HOW TO DECREASE THE RISK OF EXPOSURE TO MICROPLASTICS


You can decrease the risk of microplastics exposure and therefore, the risk of serious health complications due to small plastic particles, in many ways. Try to:

  • Buy food and personal care products packed in paper or glass containers.

  • When shopping, do not use plastic bags but take with your reusable textile bag.

  • Whenever possible, drink filtered water and limit the intake of water packed in plastic bottles.

  • Do not warm the food (also milk for babies) in plastic containers and especially not in microwave.

  • Do not store leftovers in plastic boxes but replace them with glass containers.

  • Try to choose safe toys for kids without many plastic parts.

  • If possible, choose natural cosmetics packed in glass containers.

  • Ventilate your home and workplace regularly.

  • If possible do not install vinyl or linoleum floors and limit plastic decorations (like plastic flowerpots).




SUMMARY


Microplastics are solid plastic particles composed of mixtures of polymers and functional additives. Microplastics get into the human body and begin circulating, they can endanger health. Specifically, microplastics may negatively impact the human immune, endocrine and digestive systems. Microplastics have been shown to cause damage to human cells, including both allergic reactions and cell death. It is therefore critical to avoid exposure to plastics and minimalize their use.

 

REFERENCES


Arumugasaamy N, Navarro J, Kent Leach J, Kim PCW, Fisher JP. (2019). In Vitro Models for Studying Transport Across Epithelial Tissue Barriers. Ann Biomed Eng. 47(1):1-21.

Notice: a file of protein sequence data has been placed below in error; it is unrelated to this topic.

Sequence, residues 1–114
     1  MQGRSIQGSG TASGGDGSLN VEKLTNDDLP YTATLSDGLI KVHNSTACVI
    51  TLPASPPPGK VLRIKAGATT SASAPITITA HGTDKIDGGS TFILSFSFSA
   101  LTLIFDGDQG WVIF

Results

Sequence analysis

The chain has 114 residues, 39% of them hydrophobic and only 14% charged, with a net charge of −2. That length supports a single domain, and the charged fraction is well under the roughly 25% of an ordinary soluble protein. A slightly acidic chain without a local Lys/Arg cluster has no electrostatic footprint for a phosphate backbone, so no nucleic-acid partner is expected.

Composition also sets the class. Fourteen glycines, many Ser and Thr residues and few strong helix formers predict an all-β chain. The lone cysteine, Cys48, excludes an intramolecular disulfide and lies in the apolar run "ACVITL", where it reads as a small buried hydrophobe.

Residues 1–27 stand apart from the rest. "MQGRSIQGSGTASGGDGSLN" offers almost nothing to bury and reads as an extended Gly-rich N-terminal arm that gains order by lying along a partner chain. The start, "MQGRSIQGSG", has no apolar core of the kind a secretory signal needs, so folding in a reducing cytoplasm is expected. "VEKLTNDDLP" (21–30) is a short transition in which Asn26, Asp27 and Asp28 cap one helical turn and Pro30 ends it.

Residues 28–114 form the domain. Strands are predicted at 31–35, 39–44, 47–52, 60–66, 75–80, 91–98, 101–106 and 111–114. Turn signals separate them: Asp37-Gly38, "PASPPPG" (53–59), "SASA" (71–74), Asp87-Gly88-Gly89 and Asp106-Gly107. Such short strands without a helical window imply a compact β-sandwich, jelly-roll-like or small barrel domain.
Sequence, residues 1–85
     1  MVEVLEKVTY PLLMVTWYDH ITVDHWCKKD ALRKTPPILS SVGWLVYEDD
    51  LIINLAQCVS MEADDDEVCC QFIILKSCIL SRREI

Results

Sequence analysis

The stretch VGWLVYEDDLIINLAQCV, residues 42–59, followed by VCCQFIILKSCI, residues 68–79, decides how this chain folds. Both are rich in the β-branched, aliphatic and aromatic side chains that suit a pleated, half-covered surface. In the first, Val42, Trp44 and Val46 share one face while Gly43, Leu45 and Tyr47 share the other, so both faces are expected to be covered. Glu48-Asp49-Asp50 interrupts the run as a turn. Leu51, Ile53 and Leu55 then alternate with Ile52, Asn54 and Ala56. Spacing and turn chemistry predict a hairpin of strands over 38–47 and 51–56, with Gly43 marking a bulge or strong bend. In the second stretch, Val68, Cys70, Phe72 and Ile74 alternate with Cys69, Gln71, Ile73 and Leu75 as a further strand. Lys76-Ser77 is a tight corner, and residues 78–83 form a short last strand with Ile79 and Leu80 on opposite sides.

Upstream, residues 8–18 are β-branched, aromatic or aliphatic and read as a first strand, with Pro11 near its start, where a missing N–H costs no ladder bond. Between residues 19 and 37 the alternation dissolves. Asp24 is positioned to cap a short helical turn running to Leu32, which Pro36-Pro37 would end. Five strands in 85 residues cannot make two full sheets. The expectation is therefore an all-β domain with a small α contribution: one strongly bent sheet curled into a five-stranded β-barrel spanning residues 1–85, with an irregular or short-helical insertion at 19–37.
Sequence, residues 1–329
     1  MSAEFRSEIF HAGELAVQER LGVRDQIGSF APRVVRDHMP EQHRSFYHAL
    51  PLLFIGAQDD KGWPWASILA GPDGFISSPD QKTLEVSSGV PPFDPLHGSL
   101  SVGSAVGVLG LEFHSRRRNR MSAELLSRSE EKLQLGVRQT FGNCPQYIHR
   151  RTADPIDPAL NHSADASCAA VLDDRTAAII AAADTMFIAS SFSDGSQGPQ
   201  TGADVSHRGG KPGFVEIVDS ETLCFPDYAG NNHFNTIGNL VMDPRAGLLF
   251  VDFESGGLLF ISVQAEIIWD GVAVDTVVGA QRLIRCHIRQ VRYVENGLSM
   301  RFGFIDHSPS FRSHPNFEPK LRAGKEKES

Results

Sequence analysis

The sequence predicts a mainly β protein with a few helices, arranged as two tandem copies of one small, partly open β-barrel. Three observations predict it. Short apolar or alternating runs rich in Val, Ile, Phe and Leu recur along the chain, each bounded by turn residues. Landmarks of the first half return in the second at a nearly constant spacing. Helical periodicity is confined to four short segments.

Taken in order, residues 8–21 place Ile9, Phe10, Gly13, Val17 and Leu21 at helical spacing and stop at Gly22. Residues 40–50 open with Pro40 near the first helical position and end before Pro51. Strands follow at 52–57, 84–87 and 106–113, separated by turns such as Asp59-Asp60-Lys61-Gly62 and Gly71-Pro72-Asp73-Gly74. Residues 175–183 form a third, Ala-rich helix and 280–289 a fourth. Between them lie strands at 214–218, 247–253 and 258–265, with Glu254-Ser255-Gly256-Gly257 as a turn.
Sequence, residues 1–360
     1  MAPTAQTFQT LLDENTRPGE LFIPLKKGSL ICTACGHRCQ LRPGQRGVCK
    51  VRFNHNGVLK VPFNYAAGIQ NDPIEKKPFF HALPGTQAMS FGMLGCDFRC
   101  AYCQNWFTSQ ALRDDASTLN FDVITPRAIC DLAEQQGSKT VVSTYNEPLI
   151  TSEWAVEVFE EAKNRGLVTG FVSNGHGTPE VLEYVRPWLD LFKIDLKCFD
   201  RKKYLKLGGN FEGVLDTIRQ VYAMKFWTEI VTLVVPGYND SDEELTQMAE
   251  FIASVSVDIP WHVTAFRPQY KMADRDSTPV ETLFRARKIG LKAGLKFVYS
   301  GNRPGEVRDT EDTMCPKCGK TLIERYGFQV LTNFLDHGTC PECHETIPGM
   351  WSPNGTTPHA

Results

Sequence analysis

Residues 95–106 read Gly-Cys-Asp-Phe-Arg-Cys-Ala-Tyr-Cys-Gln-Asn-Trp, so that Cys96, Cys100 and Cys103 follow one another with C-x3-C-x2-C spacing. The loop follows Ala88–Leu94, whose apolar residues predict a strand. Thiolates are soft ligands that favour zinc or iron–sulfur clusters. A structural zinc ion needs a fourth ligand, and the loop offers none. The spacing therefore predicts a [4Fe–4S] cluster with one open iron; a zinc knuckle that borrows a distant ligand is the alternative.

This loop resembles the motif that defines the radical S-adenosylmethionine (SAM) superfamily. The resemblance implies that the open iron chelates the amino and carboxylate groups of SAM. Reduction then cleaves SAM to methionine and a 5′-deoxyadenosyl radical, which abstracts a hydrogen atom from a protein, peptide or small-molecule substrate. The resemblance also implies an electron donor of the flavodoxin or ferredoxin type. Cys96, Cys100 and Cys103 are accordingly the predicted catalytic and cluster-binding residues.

Chen H, Kwong JC, Copes R, Tu K, Villeneuve PJ, van Donkelaar A, Hystad P, Martin RV, Murray BJ, Jessiman B, Wilton AS, Kopp A, Burnett RT. (2017). Living near major roads and the incidence of dementia, Parkinson's disease, and multiple sclerosis: a population-based cohort study. Lancet. 389(10070):718-726.


Farhat SC, Silva CA, Orione MA, Campos LM, Sallum AM, Braga AL. (2011). Air pollution in autoimmune rheumatic diseases: a review. Autoimmun Rev. 11(1):14-21.


Hwang J, Choi D, Han S, Choi J, Hong J. (2019). An assessment of the toxicity of polypropylene microplastics in human derived cells. Sci Total Environ. 684:657-669.


Magrì D, Sánchez-Moreno P, Caputo G, Gatto F, Veronesi M, Bardi G, Catelani T, Guarnieri D, Athanassiou A, Pompa PP, Fragouli D. (2018). Laser Ablation as a Versatile Tool To Mimic Polyethylene Terephthalate Nanoplastic Pollutants: Characterization and Toxicology Assessment. ACS Nano. 28;12(8):7690-7700.


Poma A, Vecchiotti G, Colafarina S, Zarivi O, Aloisi M, Arrizza L, Chichiriccò G, Di Carlo P. (2019). In Vitro Genotoxicity of Polystyrene Nanoparticles on the Human Fibroblast Hs27 Cell Line. Nanomaterials (Basel). 9(9):1299.


Prietl B, Meindl C, Roblegg E, Pieber TR, Lanzer G, Fröhlich E. (2014). Nano-sized and micro-sized polystyrene particles affect phagocyte function. Cell Biol Toxicol. 30(1):1-16.


Ragusa A, Svelato A, Santacroce C, Catalano P, Notarstefano V, Carnevali O, Papa F, Rongioletti MCA, Baiocco F, Draghi S, D'Amore E, Rinaldo D, Matta M, Giorgini E. (2021). Plasticenta: First evidence of microplastics in human placenta. Environ Int. 146:106274.


Ranft U, Schikowski T, Sugiri D, Krutmann J, Krämer U. (2009). Long-term exposure to traffic-related particulate matter impairs cognitive function in the elderly. Environ Res. 109(8):1004-1011.


Schirinzi GF, Pérez-Pomeda I, Sanchís J, Rossini C, Farré M, Barceló D. (2017). Cytotoxic effects of commonly used nanomaterials and microplastics on cerebral and epithelial human cells. Environ Res. 159:579-587.


Wu B, Wu X, Liu S, Wang Z, Chen L. (2019). Size-dependent effects of polystyrene microplastics on cytotoxicity and efflux pump inhibition in human Caco-2 cells. Chemosphere. 221:333-341.